Women typically have less water than men (as a percentage), because they carry more fat. But think about it, men typically have an easier time with fat loss because they have more muscle.
The more muscle you carry, the higher your percentage of water will be. All. the. time.
To put it plainly, HEALTHY, and FIT bodies SHOULD carry water!
Coming to terms with a jumpy scale
Sometimes I feel like my weight only ever goes UP. But…when I focused on staying a number on the scale, I NEVER progressed, and actually started looking WORSE. Once I let it go, the floodgates opened and my body begin to FINALLY transform. It really is a hindrance to put so much emphasis on scale weight.
If you know that a jumpy scale will depress you, stay OFF. Let the mirror, pics, the way your clothes fit, and the constant compliments dictate your progress.
And while you're at it, give poor water a break.
The New Encyclopedia of Modern Bodybuilding
3 weeks progress – (recent on left)
I started out my weight loss journey eating a very low calorie diet and not doing much outside of my normal activity for exercise. While the pounds were dropping off at a great pace at that time my body started telling me something different. I started losing my hair, was exhausted constantly and even lost TOM (time of month). I knew something was wrong and started with a personal trainer and researching. Finding the EM2WL group helped immensely and my whole thought process around this has changed. It is no longer a weight loss journey, but a fat loss journey focusing on strength.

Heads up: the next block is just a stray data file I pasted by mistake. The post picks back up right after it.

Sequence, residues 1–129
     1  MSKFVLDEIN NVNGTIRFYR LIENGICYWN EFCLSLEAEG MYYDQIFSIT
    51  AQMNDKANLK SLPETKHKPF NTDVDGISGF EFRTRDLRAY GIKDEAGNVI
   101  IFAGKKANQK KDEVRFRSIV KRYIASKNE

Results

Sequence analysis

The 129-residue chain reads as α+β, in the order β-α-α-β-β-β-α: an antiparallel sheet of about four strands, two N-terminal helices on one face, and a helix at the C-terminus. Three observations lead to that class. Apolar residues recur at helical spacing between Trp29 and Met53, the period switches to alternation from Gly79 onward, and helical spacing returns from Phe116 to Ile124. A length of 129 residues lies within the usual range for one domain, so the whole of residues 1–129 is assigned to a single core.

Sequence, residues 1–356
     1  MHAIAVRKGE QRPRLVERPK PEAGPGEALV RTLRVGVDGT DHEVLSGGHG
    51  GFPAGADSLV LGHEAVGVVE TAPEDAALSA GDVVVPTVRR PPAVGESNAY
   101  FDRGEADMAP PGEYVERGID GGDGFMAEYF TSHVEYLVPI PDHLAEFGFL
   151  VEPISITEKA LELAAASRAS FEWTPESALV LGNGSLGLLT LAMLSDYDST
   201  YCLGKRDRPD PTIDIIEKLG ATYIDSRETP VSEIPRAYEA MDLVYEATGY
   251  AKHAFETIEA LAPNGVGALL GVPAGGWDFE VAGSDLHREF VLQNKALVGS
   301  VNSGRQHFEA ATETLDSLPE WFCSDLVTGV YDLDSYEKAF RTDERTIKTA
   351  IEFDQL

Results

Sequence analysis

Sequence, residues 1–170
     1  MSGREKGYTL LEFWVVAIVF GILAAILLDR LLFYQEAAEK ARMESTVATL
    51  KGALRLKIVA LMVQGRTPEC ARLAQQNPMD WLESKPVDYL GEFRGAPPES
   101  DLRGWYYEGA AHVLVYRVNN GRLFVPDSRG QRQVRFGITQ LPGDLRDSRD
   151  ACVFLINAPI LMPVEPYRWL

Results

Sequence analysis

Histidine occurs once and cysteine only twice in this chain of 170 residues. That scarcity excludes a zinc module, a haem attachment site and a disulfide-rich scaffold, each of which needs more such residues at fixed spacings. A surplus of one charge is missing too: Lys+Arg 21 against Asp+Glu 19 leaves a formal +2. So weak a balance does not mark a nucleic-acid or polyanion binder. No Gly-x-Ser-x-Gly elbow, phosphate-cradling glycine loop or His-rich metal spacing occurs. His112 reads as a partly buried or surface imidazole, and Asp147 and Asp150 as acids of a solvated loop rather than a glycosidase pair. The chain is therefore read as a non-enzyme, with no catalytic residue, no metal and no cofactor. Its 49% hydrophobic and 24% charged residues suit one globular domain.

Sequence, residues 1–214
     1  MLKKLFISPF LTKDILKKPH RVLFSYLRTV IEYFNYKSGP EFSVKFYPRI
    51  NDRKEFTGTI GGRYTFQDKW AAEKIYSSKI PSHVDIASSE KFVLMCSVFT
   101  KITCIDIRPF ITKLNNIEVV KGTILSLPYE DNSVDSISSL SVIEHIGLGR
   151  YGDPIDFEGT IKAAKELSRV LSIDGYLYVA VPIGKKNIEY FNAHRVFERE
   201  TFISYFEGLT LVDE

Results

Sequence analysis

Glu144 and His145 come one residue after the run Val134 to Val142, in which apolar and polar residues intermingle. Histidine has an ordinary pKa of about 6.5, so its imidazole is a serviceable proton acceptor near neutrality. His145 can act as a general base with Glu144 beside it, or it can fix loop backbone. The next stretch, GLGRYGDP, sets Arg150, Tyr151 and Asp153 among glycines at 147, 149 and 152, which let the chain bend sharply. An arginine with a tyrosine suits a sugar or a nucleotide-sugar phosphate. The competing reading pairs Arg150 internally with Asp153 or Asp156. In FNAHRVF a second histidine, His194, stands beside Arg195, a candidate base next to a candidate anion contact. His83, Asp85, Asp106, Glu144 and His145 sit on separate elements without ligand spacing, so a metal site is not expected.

My weight has stabilized for now, but the inches are slowly going down. I gained a pound and lost an inch in my waist over the past few months. My smaller clothes are fitting better. My back is better. I had forgotten how strong I was when I was younger, but am now rediscovering my muscles.
I now have new goals in mind. My main goal is to be able to do a pull up and a dip unassisted by the end of the year.
Weight is not as much of a concern anymore. Yes, it is hard when I occasionally weigh in and don't see progress, but that is when I just need to pull out my phone and look at all of the progress pictures to see that my hard work is paying off. Keep eating and your body will transform. I am constantly amazed at what my approaching 40 year old body can do.